Rachael Rebecca Hodges|
21 January 1978
Creigiau, Cardiff, Wales
5 September 2018 (aged 40)|
|Cause of death||Breast cancer|
University of Wales|
University of Central Lancashire
|Occupation||Journalist and presenter|
Steve Bland (m. 2013)
Rachael Rebecca Bland (née Hodges; 21 January 1978 – 5 September 2018) was a Welsh journalist and a presenter with BBC Radio 5 Live and BBC North West Tonight. She was known for her podcast, You, Me and the Big C which was broadcast while she was ill with breast cancer, and in which she discussed issues and treatment of the disease.
Bland was born in Creigiau, Cardiff. She started her career presenting news bulletins with the BBC Local Radio station BBC Wiltshire. She then moved to BBC Radio 5 Live, at first reading the news on Richard Bacon's show, where she became the straight talking foil to Bacon on The Special Half Hour Club.
Bland then started to present sports on television, as well as acting as a relief and weekend presenter on the BBC News Channel. When BBC Radio 5 Live moved to MediaCityUK, Salford Quays in 2011, Bland started to present on BBC North West Tonight as both a newsreader and as the main relief presenter.
In September 2013, she married BBC Radio 5 Live producer Steve Bland. They had a son together, Freddie. Bland competed as a triathlete, including the 2010 London Triathlon, raising funds for Breast Cancer Care. She completed the London Marathon several times.
Bland was diagnosed with triple-negative breast cancer in November 2016. In the early stages of her condition, she continued to present Radio 5 Live, saying she would rather be known as "Rachael the news presenter" than "Rachael the cancer patient". She was attacked by Internet trolls who accused her of "not fighting cancer hard enough".
Following the diagnosis, Bland started presenting the BBC podcast You, Me and the Big C to raise awareness of cancer, discussing the disease with celebrities and providing advice of how to manage it. The podcast featured fellow cancer patients Deborah James and Lauren Mahon and became popular for its discussion of cancer, with medical experts regularly appearing on the programme. It featured the trio's self-deprecating humour to cope with their situation; when Bland announced she was unsure that she would survive to the end of the series, James retorted, "Shut up, Rachael, stop being so over-dramatic."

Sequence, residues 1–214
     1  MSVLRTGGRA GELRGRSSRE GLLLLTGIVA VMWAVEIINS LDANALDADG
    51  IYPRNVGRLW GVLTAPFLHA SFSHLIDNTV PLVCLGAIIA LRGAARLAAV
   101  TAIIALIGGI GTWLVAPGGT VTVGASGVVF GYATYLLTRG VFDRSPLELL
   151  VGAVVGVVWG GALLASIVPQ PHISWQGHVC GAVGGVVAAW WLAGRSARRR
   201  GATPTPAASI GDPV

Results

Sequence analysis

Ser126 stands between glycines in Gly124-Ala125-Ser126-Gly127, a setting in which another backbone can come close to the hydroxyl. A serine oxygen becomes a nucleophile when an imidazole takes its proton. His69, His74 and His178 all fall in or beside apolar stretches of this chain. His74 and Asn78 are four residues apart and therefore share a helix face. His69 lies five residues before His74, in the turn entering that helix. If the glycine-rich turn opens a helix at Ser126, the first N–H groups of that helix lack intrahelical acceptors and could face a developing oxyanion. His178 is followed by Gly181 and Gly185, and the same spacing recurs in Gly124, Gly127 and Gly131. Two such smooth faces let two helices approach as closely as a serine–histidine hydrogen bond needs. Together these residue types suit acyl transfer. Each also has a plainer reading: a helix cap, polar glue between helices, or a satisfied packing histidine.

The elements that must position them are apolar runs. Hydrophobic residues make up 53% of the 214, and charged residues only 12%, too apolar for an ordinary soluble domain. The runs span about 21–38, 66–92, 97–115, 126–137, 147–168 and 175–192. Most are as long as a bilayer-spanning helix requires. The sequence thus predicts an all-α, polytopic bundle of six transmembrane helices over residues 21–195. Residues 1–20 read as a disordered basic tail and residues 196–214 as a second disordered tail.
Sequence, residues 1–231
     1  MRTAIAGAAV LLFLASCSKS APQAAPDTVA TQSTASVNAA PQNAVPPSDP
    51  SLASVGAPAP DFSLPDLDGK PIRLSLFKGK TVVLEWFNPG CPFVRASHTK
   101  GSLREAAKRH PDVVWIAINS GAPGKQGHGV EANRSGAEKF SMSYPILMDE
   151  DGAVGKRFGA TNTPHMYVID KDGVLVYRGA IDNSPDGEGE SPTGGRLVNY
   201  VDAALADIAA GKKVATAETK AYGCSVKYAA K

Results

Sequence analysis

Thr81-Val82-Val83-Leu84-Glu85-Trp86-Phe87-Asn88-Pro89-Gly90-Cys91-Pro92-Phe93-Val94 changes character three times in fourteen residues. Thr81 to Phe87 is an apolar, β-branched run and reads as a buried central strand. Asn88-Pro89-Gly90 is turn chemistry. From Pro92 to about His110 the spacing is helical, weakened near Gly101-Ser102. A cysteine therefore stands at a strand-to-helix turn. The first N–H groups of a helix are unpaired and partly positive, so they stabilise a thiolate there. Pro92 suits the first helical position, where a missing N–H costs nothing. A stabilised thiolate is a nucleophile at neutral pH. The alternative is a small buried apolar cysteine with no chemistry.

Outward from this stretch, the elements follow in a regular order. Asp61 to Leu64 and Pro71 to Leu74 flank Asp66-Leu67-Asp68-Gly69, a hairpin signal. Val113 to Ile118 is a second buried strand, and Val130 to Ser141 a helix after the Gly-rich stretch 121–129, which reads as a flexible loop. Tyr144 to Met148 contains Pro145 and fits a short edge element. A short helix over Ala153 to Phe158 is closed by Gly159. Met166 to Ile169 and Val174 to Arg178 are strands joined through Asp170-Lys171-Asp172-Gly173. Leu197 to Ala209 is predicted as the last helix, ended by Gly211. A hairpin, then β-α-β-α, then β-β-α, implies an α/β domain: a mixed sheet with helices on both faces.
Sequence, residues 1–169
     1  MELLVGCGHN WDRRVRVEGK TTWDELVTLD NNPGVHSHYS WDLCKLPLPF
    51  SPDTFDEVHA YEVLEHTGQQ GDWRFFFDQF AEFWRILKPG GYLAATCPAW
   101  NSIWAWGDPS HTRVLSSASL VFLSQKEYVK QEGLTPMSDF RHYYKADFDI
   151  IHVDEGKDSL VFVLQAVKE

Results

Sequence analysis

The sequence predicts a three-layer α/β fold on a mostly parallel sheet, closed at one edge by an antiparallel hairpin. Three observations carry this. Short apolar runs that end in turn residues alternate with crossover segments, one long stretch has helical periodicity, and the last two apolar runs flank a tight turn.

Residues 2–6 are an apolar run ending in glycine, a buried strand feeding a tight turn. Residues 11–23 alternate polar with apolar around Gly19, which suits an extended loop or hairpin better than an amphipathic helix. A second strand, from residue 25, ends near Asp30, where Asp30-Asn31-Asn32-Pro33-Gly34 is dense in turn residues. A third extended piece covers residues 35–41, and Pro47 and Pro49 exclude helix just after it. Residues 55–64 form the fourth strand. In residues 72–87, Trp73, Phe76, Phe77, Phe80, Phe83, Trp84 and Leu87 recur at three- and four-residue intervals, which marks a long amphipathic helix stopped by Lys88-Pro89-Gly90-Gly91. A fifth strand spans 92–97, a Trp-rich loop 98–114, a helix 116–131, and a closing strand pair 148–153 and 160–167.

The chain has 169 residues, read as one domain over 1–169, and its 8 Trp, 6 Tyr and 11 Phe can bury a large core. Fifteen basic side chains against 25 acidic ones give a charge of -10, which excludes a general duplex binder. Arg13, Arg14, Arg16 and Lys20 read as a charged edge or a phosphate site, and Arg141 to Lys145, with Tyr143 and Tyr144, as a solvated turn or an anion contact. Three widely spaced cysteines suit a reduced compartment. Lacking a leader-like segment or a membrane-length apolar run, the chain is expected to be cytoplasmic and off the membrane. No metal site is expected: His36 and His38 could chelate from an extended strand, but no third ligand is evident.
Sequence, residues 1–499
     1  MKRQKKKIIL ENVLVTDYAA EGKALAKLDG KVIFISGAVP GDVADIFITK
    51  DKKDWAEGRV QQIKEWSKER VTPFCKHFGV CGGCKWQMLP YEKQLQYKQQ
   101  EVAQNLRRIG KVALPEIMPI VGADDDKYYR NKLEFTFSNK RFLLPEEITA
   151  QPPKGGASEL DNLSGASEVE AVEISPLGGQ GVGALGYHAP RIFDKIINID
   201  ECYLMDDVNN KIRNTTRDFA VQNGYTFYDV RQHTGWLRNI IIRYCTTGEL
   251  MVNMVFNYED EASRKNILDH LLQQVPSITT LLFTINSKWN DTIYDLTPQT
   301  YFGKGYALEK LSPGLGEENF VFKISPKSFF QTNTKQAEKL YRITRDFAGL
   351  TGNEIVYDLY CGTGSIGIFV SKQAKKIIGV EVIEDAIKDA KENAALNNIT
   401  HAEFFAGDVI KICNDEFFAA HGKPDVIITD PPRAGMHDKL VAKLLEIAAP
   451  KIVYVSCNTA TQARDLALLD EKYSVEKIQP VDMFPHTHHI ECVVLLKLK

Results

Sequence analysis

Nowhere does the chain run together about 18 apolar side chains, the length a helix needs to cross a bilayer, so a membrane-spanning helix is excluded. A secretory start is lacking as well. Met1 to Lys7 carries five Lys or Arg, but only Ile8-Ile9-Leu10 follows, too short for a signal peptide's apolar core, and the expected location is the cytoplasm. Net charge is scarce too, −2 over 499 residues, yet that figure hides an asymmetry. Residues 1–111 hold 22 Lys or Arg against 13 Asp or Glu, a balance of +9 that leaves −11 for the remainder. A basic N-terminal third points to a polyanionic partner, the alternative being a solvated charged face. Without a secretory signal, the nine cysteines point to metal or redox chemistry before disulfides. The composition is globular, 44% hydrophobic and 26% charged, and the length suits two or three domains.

In early 2018, she participated in a clinical trial of experimental treatment at Christie NHS Foundation Trust, Manchester, that she hoped would prevent or postpone the cancer. This was unsuccessful, and in May, she announced that her cancer had spread and was now incurable. She hoped that clinical treatment would still be available so she could live longer. She continued to blog and run You, Me and the Big C, and hoped that she could do enough to give her son memories of her life. Towards the end of her life, she announced she had written her memoirs, which she hoped would be published some day. In June, a crowdfunding site was set up in order to allow her to have a family holiday while she still could.
In August 2018, Bland announced that she had less than a year to live. On 3 September, she announced on her Twitter account that her "time had come", and that she only had days left. She died two days later at the age of 40. You, Me and the Big C reached number one on the iTunes Podcast charts during this week. Family and colleagues paid her tribute including Dan Walker, Dame Kelly Holmes, former Chancellor of the Exchequer, George Osborne and Busted's Charlie Simpson. Health secretary Matt Hancock said, "Her legacy is a testament to how much more we need to do to beat this dreadful disease." Her co-hosts plan to continue the You, Me and the Big C podcast.
- Cathy, Owen. "Newsreader Rachael Bland dies from cancer after being given days to live". Wales Online. Retrieved 5 September 2018.
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- "Rachael Bland, host of cancer podcast You, Me and the Big C, dies at 40". The Guardian. 5 September 2018. Retrieved 5 September 2018.
- "Rachael Bland hits out at online trolls who accused her of not fighting cancer hard enough". The Independent. 5 September 2018. Retrieved 5 September 2018.
- "You, Me and the Big C: 'When you talk about cancer, you normalise it'". The Observer. 10 June 2018. Retrieved 5 September 2018.
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- "BBC presenter Rachael Bland says she has only 'days' to live". BBC News. 3 September 2018.
- Harding, Laura (4 September 2018). "Cancer Podcast Presenter Bland Has Just Days to Live". The Herald. Retrieved 5 September 2018 – via HighBeam Research. (Subscription required (help)).